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Phoenix Ash

 

Have you ever been on a run and those last few minutes feel as though they drag on for hours? It feels even harder than the majority of the run you’ve already completed. Why is it that when we’ve made it so far the final touches of a task are usually the most difficult? In this episode, Phoenix will be sharing her own experience with that last doggone mile and explaining why perseverance to the end is critical.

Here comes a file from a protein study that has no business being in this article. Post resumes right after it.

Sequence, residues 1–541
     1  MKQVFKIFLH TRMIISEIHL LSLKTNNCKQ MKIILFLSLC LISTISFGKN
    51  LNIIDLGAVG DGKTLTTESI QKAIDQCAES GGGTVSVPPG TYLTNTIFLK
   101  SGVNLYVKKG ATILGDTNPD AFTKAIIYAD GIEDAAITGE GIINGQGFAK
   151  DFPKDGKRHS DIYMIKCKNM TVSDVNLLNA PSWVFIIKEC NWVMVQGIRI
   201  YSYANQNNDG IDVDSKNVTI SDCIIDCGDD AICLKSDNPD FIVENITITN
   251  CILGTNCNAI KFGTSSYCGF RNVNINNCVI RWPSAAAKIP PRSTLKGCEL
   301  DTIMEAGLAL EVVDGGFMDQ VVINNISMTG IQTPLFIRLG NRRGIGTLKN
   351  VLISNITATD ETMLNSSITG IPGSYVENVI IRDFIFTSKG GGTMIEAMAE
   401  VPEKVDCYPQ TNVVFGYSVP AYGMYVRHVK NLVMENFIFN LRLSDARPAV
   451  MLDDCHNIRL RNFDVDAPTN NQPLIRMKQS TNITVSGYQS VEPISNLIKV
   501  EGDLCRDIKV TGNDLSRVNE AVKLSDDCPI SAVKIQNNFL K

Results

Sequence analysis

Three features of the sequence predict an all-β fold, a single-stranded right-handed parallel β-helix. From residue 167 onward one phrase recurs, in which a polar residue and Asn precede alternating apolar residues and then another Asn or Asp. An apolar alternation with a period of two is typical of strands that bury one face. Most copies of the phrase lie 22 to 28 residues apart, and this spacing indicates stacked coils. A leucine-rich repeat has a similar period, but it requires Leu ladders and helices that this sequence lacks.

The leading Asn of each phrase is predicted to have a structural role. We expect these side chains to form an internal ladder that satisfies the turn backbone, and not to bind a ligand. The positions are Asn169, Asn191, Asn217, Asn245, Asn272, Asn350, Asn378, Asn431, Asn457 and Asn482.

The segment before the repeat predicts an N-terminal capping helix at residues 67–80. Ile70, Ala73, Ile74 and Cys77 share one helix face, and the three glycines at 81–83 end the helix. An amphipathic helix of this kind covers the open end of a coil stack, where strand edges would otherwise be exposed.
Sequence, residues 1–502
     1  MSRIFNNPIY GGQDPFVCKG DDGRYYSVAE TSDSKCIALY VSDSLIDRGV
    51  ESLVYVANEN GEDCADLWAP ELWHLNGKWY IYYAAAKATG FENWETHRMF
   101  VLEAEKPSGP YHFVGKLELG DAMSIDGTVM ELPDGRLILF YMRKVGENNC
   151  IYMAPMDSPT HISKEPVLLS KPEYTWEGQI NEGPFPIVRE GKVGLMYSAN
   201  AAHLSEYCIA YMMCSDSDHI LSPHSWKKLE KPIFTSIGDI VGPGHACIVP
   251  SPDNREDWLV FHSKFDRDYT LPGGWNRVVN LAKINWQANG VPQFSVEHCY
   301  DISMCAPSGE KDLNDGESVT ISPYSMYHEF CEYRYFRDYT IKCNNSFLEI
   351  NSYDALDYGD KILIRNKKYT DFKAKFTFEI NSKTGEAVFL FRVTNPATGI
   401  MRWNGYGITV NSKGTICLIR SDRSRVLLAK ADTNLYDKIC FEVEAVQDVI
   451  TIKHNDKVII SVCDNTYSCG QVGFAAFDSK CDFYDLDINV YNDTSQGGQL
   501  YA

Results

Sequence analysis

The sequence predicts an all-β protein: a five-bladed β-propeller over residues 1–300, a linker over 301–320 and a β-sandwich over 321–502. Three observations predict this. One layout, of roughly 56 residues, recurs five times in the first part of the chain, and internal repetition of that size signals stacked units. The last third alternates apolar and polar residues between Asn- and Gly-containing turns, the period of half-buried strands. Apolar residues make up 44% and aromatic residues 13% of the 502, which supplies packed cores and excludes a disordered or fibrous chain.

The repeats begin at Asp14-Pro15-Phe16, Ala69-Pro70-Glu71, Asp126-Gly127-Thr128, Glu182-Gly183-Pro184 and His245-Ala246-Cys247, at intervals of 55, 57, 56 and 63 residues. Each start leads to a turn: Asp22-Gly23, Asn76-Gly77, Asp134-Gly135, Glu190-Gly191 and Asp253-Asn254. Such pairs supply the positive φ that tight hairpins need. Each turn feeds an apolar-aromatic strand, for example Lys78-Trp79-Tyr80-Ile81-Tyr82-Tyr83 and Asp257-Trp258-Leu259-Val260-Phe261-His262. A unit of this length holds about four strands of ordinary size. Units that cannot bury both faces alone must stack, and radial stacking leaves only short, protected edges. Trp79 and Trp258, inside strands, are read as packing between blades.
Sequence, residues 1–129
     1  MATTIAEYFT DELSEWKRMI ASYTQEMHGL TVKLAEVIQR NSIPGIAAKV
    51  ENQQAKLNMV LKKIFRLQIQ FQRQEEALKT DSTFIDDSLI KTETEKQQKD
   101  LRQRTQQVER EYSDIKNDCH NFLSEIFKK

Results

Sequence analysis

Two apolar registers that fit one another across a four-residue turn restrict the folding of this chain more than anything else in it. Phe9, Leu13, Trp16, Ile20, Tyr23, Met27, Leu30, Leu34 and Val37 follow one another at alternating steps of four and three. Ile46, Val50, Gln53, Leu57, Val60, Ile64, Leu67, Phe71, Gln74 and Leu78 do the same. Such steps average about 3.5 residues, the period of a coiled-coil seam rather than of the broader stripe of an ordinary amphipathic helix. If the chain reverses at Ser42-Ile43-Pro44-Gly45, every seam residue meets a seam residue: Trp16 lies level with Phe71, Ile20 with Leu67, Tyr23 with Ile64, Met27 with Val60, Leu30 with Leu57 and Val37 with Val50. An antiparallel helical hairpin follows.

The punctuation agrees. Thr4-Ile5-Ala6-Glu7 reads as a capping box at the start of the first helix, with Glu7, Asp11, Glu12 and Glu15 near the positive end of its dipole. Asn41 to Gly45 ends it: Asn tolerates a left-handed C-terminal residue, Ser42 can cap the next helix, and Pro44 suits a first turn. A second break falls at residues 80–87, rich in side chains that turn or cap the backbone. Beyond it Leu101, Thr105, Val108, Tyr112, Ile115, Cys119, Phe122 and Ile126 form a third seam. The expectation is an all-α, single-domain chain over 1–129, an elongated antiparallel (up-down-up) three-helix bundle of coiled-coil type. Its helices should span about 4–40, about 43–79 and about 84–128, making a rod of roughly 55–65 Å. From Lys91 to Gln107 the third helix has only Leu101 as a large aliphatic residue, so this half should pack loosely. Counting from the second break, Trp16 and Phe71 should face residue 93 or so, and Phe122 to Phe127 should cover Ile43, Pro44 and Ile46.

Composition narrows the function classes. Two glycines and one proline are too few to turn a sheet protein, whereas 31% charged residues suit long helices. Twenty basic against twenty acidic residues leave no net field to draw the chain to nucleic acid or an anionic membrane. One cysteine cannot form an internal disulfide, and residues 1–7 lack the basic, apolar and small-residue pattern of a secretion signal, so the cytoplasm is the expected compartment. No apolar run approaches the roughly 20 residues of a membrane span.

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Phoenix: Hey, y’all what’s good. This is “Life As P…” and I’m your host, Phoenix Ash, they call me P. Thank you so much for joining me if you are a first time listener, I appreciate you giving me a shot. Shout out to however you heard me whether it be Twitter, Instagram, Facebook, your mother, cousin, you came across it on Spotify, iHeart Radio, Apple podcasts, however, you heard about me, thank you for joining me. If you’re a repeat listener, you already know what the deal is love, love, love, love, love, love you. Um, yo so it’s summertime is hot. It is. And as you know, I finished Savage Fever, it actually came back from the editors. So I got to do my edits and then I go to the next stage. And let me tell y’all, the whole process intertwined with the process of my daughter leaving me for an extended period of time, for the first time, she’s going to stay with her father for part of the summer. It is gut wrenching. But I’m looking at the process of leading up to the day that she leaves, as well as the process of going through this last portion for Savage Fever. And yo that last mile, is hard as fuck. That last mile is so emotional, that sometimes at least for me, it kind of takes me out the game a little bit, I delay in the steps that I need to take. She’s leaving tomorrow, and I just packed her bags today. I don’t want to pack her bags. Savage Fever needs to come out ASAP, and I’m gonna be honest with you, I got my edits back over a week ago, and I haven’t touched it. I don’t know what it is about the last mile when I used to write music, I would write this is so you know, I’m dating myself. But back then, you know, songs had three verses and they had a hook, and sometimes they had a bridge and whatever. That last verse used to just like knock the wind out of me. I don’t know why I don’t understand. It’s that last mile that’s so difficult to run, and I would imagine that a runner may experience something like that. I know when I’m on a treadmill and I’ll be doing like little, little stints like, like 15 minutes. And yes, that’s how out of shape I am 15 minutes, and I’m telling you the last two minutes, take five minutes, it feels so long.